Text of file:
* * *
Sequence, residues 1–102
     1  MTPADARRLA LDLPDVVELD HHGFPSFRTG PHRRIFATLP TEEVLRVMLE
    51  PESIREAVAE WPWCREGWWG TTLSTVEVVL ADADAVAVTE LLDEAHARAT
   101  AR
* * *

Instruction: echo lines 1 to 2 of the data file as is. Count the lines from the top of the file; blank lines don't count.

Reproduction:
Sequence, residues 1–102
     1  MTPADARRLA LDLPDVVELD HHGFPSFRTG PHRRIFATLP TEEVLRVMLE